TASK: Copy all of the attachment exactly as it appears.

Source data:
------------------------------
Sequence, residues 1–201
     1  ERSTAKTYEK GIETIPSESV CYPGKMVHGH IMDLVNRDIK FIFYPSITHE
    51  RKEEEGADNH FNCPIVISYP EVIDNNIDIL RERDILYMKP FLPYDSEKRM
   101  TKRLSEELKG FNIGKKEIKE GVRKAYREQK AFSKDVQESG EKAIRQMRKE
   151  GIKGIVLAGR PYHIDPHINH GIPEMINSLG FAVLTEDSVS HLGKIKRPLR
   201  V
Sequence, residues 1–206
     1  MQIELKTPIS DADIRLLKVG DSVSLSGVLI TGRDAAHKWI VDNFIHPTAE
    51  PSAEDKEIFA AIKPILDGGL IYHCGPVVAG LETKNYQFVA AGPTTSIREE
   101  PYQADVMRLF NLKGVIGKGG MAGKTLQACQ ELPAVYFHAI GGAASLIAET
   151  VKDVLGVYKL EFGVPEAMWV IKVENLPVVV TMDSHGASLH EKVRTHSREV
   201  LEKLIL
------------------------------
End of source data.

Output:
Sequence, residues 1–201
     1  ERSTAKTYEK GIETIPSESV CYPGKMVHGH IMDLVNRDIK FIFYPSITHE
    51  RKEEEGADNH FNCPIVISYP EVIDNNIDIL RERDILYMKP FLPYDSEKRM
   101  TKRLSEELKG FNIGKKEIKE GVRKAYREQK AFSKDVQESG EKAIRQMRKE
   151  GIKGIVLAGR PYHIDPHINH GIPEMINSLG FAVLTEDSVS HLGKIKRPLR
   201  V
Sequence, residues 1–206
     1  MQIELKTPIS DADIRLLKVG DSVSLSGVLI TGRDAAHKWI VDNFIHPTAE
    51  PSAEDKEIFA AIKPILDGGL IYHCGPVVAG LETKNYQFVA AGPTTSIREE
   101  PYQADVMRLF NLKGVIGKGG MAGKTLQACQ ELPAVYFHAI GGAASLIAET
   151  VKDVLGVYKL EFGVPEAMWV IKVENLPVVV TMDSHGASLH EKVRTHSREV
   201  LEKLIL